There are groups of people in China who have low income and live a poor life. They hold a relatively disadvantaged position in society. We call them low-income groups. The basic reason is that they lack knowledge and skills that enable them to obtain a good profession or high income. How to solve the problem? Through education. Only education can help them out of poverty.
Most Chinese farmers are in these groups, with a key factor being that they have received low-level education. A survey by D. Gale Johnson, former president of the American Economic Association, economics professor at University of Chicago and an honorary professor of Peking University who has done considerable research on the gap between Chinese urban and rural areas, shows that Chinese farmers’ income grows by 3.5-5.5 percent if they go to school for one more year. That is to say, if Chinese farmers can receive education for four more years, the income gap between urban and rural workers will be reduced by 15-20 percent. The influence of education to farmers is not immediate, but strong and far-reaching.
Similarly, the first group of laid-off workers in cities are often those lacking knowledge and skills. They didn’t get enough education when they were children, nor did they continue their education or improve their knowledge during work. Once they are laid off, it becomes more difficult for them to find another job.
“Graduation of a poor student from college means graduation of a family from low-income groups,” said Su Yan from Pufang Group of Hubei Province at the recently concluded fifth Session of the Ninth National People’s Congress (NPC). However, education fees are becoming higher and higher, and a poor family can hardly support a child through to graduation. To avoid the unfavorable consequences of this scenario, Su has called for policies in favor of low-income groups.
Compared with other investments, investment in education will reap rewards in at least 15 years. For the benefit of the whole society, government must take the opportunity to popularize national education. The rapid economic development of Western countries after World War II in a large degree can be attributed to the improvement of the quality of education.
In the Report on the Implementation of the Central and Local Budgets for 2001 and on the Draft Central and Local Budgets for 2002, Chinese Finance Minister Xiang Huaicheng said that China gradually has increased its investment in science and education gradually and effectively implemented its strategy of developing the country through science and education. Expenditures for education from the central budget for 2001 totaled 21.3 billion yuan, of which expenditures in higher education were 11.816 billion yuan. In 2002, a total of 25. 1 billion yuan of expenditures for education and a total of 40.8 billion yuan of expenditures for science and technology are earmarked in the central budget. The expenditure in higher education is 15.098 billion yuan, up 27.77 percent from the previous year. Despite this great progress, the investment in education of China is only one-third the average level of developed countries and half the average level of developing countries.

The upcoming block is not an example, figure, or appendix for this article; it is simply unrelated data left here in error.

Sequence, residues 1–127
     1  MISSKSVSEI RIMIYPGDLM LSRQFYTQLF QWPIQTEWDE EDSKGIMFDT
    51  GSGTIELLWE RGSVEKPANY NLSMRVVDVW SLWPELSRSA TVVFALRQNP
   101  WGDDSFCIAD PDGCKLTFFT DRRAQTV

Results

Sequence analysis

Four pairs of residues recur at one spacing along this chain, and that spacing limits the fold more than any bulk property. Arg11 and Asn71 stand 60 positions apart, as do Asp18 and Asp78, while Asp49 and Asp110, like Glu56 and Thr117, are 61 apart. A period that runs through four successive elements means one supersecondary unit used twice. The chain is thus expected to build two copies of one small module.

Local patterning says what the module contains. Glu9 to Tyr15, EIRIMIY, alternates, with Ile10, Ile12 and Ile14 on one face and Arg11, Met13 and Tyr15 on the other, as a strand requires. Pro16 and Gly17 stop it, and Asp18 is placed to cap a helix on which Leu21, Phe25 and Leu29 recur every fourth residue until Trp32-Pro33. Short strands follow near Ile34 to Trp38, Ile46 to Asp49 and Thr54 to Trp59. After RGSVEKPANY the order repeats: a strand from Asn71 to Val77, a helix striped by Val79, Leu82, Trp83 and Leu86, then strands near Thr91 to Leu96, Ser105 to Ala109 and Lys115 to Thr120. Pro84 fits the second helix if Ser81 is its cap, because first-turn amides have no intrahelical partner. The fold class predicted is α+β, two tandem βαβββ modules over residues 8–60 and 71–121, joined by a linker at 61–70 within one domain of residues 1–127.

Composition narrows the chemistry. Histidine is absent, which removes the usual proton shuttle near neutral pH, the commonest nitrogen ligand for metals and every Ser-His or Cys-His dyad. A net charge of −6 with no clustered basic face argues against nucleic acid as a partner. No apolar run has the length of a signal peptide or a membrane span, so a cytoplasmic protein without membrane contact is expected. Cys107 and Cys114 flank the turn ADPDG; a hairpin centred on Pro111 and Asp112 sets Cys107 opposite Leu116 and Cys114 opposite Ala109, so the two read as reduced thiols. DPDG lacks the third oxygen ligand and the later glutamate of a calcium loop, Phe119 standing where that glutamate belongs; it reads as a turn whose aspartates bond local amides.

As early as the 1980s, some warned that China would face serious results if its backwardness in education were not changed quickly. Recently, deputies to NPC and members of Chinese People’s Political Consultative Conference (CPPCC) also called for greater investment in higher education.
Basic education is another big concern of NPC deputies and CPPCC members. Wu Changshun, former president of Beijing No.5 Middle School, urged that compulsory education free of charge be realized as early as possible. China’s per capita gross domestic product (GDP) exceeded US$800 in 2000, he said, so it is possible for the country to realize the compulsory education. Liu Bin, who has been in charge of basic education for 16 years, said that compulsory education in rural areas must be supported with government’s financial budget.
At present, some 10 percent of primary school students, 50 percent of junior high school students and 75 percent of senior high school students still cannot gain access to a higher level education. And college students only account for 9 percent of youths of the same age. While in the United States, Europe, Japan and Republic of Korea, the figure goes to 35-50 percent.
To change this situation, approaches to education investment body must become more diversified. In 1999, China deepened its reform in higher education. Many colleges and universities began enrolling more students, and a lot of private funds went into education, especially into higher education. Premier Zhu Rongji took education investment and consumption as an important part of expanding domestic needs. If a college student spends 10,000 yuan each year, the 500,000 students by extra enrolling will consume 5 billion yuan. This will be a great contribution to China, which is now experiencing deflation.
Another way to raise education funds is to sell education lottery tickets, according to Zhu Jiongqiang, a CPPCC member. China’s education needs a large sum of money since it covers a wide range of people. Based on experiences in issuing welfare and sports lottery tickets, Zhu thought the education lottery ticket also was possible. What’s more, China can learn from foreign countries by encouraging private and enterprise donations to education and then giving preferences to donators.
After China joins the World Trade Organization, education globalization will become a trend. Foreign education funding will come to China sooner or later. There are great opportunities for the Chinese education cause. If China can change ideas early and perfect its operation model and relative rules, Chinese education will surely face a new situation.
(科学时报 [Science Times] translated by Li Jinhui for china.org.cn March 26, 2002)